Ever wonder if vampires can procreate? Well, a year before Blade made his initial appearance in the comic book The Tomb of Dracula, in 1972 John Hayes (director of fare such as Garden of the Dead and Jailbait Babysitter) unleashed Grave of the Vampire, which gave a definitive “yes” to this question. Strange, trashy, and gross (if you think about the plot a bit too much), Grave of the Vampire is one of the weirder entries in vampire film, one that will leave many fans needing a shower when all is done.
The movie opens with a couple making out in car in a nearby cemetery. While they are getting frisky, the vampire Croft (Michael Pataki of Zoltan: Hound of Dracula) at last wakens from a prolonged slumber. Croft is not just a vampire—during the 1930s, he was a reputed rapist and murderer who was electrocuted for his vicious crimes. Now possessing the supernatural characteristics of a vampire, Croft attacks the couple, killing the male (played by Jay Scott) and raping the woman, one Leslie Hollander (Kitty Vallacher).
Although Leslie survives the encounter, she soon learns that she is carrying Croft’s child, a baby boy who because he refuses to drink breast milk begins to die. Leslie is resilient, however, and discovers that the child is a “living vampire” and thus must drink blood, which she provides. The child grows into manhood, subsequently draining and inadvertently killing his mother. This compulsion repulses the young man, named James Eastman (the prolific William Smith, the Marlboro Man). The guilt of being a vampire (a possible first in vampirism that may have set the pattern for the modern incarnation of the brooding vampire) leads Eastman to hunt down and kill his father, who has taken up residency at a college and now teaches under the guise of Professor Lockwood.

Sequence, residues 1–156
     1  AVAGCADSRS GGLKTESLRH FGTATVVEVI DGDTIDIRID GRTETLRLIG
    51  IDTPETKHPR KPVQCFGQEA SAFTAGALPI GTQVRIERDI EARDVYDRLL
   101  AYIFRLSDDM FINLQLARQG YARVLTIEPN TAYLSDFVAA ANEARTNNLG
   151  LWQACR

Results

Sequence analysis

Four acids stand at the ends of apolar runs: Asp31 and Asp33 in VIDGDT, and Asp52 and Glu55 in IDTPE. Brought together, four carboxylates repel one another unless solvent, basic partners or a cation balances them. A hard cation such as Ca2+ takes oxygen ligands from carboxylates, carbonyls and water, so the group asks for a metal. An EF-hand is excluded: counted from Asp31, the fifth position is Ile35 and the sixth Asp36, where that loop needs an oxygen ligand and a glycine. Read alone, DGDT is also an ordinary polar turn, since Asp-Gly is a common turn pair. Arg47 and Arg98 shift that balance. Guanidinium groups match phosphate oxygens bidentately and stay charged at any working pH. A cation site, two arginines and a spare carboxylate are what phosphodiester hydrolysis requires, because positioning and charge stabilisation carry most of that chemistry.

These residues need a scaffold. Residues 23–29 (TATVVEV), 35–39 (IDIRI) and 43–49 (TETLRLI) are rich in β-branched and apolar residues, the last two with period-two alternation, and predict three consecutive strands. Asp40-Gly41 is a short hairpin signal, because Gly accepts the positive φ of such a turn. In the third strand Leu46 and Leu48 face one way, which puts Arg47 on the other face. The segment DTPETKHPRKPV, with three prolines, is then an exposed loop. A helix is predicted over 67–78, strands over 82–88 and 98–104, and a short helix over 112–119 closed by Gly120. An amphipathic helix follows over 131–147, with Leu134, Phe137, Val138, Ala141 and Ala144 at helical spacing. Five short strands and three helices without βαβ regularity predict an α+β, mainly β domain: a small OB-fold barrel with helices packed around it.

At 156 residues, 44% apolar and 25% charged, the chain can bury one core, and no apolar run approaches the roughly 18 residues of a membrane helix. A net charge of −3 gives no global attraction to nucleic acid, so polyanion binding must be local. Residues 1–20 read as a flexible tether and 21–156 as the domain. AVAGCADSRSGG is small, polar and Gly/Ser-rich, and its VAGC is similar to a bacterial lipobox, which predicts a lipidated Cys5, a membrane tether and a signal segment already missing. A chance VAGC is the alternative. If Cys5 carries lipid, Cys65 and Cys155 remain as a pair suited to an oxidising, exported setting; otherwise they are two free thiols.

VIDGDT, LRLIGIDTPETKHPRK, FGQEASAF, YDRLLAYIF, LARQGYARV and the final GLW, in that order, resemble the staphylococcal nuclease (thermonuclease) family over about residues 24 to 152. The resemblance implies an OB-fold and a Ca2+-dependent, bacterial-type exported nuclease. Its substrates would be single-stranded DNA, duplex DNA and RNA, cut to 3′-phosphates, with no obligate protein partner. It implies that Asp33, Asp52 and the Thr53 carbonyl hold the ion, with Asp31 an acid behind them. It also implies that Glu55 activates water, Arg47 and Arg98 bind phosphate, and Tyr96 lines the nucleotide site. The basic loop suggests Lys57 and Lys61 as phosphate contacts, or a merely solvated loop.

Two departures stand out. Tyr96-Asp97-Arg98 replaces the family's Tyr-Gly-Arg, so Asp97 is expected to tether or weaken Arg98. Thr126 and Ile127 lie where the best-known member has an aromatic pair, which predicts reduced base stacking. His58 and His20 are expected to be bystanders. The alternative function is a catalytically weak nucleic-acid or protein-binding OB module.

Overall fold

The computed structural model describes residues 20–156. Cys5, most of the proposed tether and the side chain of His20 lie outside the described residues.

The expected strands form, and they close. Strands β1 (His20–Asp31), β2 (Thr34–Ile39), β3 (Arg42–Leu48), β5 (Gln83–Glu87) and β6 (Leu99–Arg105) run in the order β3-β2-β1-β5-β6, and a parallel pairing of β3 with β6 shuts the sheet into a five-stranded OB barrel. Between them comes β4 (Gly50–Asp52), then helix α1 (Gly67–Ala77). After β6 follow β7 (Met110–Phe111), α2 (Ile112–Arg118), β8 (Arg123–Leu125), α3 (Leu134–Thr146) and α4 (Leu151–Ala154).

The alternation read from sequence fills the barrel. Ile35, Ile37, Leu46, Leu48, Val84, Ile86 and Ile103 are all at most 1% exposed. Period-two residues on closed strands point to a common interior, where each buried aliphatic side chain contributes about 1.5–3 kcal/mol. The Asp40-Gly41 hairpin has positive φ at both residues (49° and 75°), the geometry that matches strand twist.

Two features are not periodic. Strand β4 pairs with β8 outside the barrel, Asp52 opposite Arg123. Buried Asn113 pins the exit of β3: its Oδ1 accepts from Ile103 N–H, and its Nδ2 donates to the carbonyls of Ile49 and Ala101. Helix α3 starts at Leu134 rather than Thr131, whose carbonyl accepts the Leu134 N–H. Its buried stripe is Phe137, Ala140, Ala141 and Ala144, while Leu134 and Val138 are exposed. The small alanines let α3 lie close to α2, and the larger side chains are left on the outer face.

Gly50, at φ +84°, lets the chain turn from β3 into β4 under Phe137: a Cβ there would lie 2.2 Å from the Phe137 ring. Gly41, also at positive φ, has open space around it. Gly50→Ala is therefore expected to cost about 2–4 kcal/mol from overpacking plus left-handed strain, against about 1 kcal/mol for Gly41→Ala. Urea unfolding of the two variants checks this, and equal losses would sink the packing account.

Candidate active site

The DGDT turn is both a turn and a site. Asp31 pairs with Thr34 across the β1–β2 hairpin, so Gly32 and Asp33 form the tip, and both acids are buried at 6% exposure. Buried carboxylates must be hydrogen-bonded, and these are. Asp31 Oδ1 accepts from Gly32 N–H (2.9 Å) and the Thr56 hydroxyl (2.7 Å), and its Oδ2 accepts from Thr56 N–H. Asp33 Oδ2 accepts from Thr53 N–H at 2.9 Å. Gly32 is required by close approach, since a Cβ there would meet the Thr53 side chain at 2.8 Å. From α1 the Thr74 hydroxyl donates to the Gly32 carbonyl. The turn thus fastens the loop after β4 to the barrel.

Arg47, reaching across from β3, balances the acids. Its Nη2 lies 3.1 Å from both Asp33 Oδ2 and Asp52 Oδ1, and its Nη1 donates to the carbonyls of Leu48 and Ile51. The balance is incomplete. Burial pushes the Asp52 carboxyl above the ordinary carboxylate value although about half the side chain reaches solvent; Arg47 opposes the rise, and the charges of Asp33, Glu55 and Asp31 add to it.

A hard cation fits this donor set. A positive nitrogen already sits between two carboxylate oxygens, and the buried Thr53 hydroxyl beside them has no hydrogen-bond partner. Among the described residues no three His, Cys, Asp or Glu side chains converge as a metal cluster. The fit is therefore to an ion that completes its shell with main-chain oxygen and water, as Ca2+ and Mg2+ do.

Eastman enrolls in a night course that Lockwood is teaching and finds himself with the “in” crowd, including groovy girls Ann Arthur (Lyn Peters) and Anita Jacoby (Diane Holden). The final reel of the movie has Eastman, the girls, and several other minor characters attend a séance lorded by none other than Professor Lockwood. It is in Lockwood’s mansion that Eastman has a final showdown with his malicious father, with the other humans serving either as lunch or dinner.
The strongest elements of Grave of the Vampire are the ideas peppered throughout. The idea of a “living vampire,” Croft’s vampirism resulting from an evil life (this goes back deep into vampire folklore), and the son taking revenge upon the father all work very well. It is the execution of these elements that is clumsy, although the filmmakers only had $50,000 or so to work with.
However, there are flaws in the writing. Several subplots go nowhere and in fact hinder the film. For example, the characters of Olga (Lieux Dressler) and Lieutenant Panzer (Eric Mason) are intriguing but have no payoff. Then there’s the character of Anita, who at one point begs Croft to turn her into a vampire. This sequence comes out of nowhere and adds nothing to the plot, other than a vampire wannabe-groupie.
Performances range from the startlingly creepy and effective (Pataki is excellent throughout) to the wooden (William Smith). The dance happening is so hilarious it must be seen. (“Gee, I’m really sorry about all of this, we just called some people and played some records and now we’ve got this thing happening.”) The ending is also a downer, with the clichéd “The End . . . or is It” tagline hoping to secure a sequel.
Those who are interested in watching a weird vampire flick will easily dig Grave of the Vampire. Fans of hardcore horror will also find it worthwhile, but those with weak constitutions should avoid it.
Grave of the Vampire can be purchased as a standalone item or as part of a collection, such as Classic Drive-In Series Horror.